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Greens were very much on the hunter-gatherer menu

Ancient European hunter-gatherers have been characterised as mainly meat eaters. Yet the EU-funded HIDDEN FOODS project unearthed clear evidence that they in fact routinely ate plant-based foods. This suggests that alongside protein and fat, glucose was potentially key to the survival of the ancestors of European citizens.

© Dusan Boric, 2007

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There is plenty of evidence of animal protein in the diets of ancient hunter-gatherers, but little of plant foods, leading to claims that the so-called meat-based ‘Paleo diet’ best reflects our evolutionary design.

“This fallacy has health implications because a diet lacking in carbohydrates can be particularly unhealthy,” says Emanuela Cristiani, coordinator of the EU-funded HIDDEN FOODS project, supported by the European Research Council.

HIDDEN FOODS has provided the first unambiguous evidence of the processing and consumption of wild cereal-type grains and other edible plants by ancient hunter-gatherers, dating back at least 15 000 years in Italy, and around 11 500 years in the central Balkans.

Unpicking direct and indirect dietary evidence

To better understand the function of the ‘non-flaked’ (unmodified) stone tools found at these sites, HIDDEN FOODS studied the wear on these tools, and examined microscopic residues preserved on their surfaces. “We even selected a range of pebbles and then used them experimentally to process wild plant food,” recalls Cristiani from the Sapienza University of Rome, the project host.

Use-wear and residues preserved on Palaeolithic and Mesolithic stone tools from sites in both Italy and the Balkans confirmed they were used to process plant-based foods.

The project also analysed samples of microscopic food particles trapped in the matrix of the dental calculus (mineralised dental plaque) of hunter-gatherer individuals found at Palaeolithic and Mesolithic sites in Italy and the Balkans.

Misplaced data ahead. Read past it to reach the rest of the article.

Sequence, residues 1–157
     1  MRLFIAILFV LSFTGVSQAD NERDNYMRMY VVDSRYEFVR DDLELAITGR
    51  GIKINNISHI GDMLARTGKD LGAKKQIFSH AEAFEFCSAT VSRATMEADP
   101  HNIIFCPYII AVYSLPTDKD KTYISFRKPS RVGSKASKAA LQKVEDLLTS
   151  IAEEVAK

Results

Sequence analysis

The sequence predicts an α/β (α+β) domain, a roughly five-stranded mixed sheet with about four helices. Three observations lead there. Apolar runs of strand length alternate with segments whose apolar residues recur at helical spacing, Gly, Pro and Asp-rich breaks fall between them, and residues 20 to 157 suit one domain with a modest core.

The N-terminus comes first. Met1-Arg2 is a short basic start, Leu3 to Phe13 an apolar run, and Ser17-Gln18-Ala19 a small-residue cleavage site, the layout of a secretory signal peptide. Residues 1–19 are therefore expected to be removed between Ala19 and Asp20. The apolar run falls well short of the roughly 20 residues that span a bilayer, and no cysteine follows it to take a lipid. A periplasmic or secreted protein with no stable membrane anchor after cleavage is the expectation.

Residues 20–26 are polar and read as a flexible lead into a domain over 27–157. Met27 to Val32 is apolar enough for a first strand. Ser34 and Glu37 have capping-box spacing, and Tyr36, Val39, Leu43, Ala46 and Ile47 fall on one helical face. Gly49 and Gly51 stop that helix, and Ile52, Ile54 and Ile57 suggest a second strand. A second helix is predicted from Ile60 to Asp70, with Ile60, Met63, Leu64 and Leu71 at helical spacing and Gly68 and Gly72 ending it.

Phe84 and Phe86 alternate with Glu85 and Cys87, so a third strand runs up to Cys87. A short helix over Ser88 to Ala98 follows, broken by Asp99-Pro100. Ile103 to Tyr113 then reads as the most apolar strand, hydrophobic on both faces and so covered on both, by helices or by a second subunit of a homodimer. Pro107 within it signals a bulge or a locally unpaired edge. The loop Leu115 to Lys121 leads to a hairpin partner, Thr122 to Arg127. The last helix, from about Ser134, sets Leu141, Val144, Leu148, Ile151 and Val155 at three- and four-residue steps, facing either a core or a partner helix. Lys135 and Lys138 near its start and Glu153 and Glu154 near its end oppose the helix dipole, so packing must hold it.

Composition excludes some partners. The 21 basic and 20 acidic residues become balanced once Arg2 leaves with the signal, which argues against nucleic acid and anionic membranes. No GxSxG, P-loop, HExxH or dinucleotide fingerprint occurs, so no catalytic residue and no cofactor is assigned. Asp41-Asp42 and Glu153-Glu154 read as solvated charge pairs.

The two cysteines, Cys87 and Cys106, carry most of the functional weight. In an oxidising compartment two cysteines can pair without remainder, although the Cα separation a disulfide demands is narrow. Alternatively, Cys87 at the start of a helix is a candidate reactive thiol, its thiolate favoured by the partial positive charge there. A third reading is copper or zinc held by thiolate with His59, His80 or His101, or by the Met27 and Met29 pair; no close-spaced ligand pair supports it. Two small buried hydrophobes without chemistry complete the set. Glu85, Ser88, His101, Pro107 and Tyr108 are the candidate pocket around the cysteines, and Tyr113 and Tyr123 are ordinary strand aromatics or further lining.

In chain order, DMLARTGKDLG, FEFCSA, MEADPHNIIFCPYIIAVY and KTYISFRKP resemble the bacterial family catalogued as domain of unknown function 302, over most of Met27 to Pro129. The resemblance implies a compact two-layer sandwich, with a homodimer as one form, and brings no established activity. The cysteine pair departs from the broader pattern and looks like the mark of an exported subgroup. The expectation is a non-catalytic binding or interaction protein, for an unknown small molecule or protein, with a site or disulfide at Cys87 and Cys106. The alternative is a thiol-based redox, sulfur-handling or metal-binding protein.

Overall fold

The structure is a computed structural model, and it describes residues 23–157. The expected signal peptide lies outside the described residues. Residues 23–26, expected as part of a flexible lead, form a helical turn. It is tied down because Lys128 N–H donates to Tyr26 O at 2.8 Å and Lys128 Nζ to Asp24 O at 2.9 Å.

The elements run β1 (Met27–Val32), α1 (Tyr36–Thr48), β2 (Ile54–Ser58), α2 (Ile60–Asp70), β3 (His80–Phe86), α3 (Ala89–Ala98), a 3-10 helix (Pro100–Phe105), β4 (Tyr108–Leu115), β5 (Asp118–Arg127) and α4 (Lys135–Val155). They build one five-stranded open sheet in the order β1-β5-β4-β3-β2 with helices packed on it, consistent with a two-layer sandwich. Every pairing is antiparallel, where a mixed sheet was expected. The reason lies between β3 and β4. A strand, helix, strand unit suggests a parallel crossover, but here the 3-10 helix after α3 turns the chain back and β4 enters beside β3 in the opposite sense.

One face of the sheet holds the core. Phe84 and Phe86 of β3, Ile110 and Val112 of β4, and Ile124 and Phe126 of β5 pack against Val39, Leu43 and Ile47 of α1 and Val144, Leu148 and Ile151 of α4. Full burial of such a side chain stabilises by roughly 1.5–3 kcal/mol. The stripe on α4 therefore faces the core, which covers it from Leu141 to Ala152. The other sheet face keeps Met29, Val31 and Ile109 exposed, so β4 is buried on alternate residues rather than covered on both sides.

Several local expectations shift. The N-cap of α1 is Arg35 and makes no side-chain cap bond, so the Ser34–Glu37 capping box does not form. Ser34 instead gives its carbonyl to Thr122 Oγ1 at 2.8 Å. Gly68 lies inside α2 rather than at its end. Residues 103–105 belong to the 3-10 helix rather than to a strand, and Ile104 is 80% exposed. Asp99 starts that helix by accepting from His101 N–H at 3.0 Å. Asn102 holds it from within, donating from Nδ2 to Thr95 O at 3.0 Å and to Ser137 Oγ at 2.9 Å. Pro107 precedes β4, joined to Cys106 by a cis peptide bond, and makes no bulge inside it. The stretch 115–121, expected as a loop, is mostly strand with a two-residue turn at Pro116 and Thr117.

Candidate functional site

The evolution of oral microorganisms was also reconstructed using gene sequencing techniques, complemented with data from the study of oral pathologies, enamel defects and dental wear. 

Examination of the dental calculus of Palaeolithic individuals from Italy revealed that they were consuming different plants during the end of the last ice age, around 15 000 years ago, including wild cereals, seeds and forest fruits. This data was further supported by the analysis of micro-dental wear and the recovery of plant remains from archaeological sediments.

Dental calculus also indicates that an exchange between Late Mesolithic foragers and the first Neolithic farmers in the southern Balkans may have introduced domesticated species of cereals into the Danube Gorges by 6600 BC. This challenges the established view that Neolithic communities introduced them around 6200 BC, after they had settled.

“If grains were introduced to hunter-gatherers by Neolithic communities deep in the Balkan hinterland before these farmers had settled there, it implies already established social networks,” explains Cristiani.

Tracing migratory routes through the oral microbiome

The project also investigated 44 prehistoric foragers and farmers from Southern Europe to understand how the rise of farming during the Neolithic affected the ancient oral microbiome.

Existing genetic data shows that agriculture was introduced into Europe by migrants from Anatolia. Furthermore, burial practices and biomolecular information in the central Balkans evidence contact between local foragers and farming groups from the mid 7th millennium BC.

One surprising finding was that the range of microorganisms found in the mouths of ancient hunters in the central Balkans was only slightly modified by the arrival of the first Neolithic farmers. The HIDDEN FOODS team found evidence of forager-farmer encounters by reconstructing the full genome of one particular commensal bacterium over time.

Tracing the change in the genome of this species records the spread of Neolithic people through the Balkans and Italy starting from 6500 BC.

“We revealed a Near Eastern variant of the Anaerolineaceae bacterium oral taxon 439, which arrived with the Neolithic farmers, replacing the one living in the mouths of the local forager,” adds Cristiani. “This demonstrated, for the first time, the potential of the oral microbiome to infer migratory routes and interactions in ancient human populations.”

The intimate relationship between diet and evolution

One theory is that the relatively large human brain size in relation to body size was facilitated by the energy provided by glucose from plant carbohydrates. As some plants need to be ground or cooked to unlock this energy, glucose might have driven innovations in stone technology.

If applied to different time periods or other geographic areas, the functional analysis methodology developed by HIDDEN FOODS could continue to reveal more about the health, and health remedies of our ancestors.

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Project details

Project acronym
Hidden Foods
Project number
639286
Project coordinator
Italy
Project participants:
Italy
United Kingdom
Total cost
€ 1 499 856
EU Contribution
€ 1 499 856
Project duration
-

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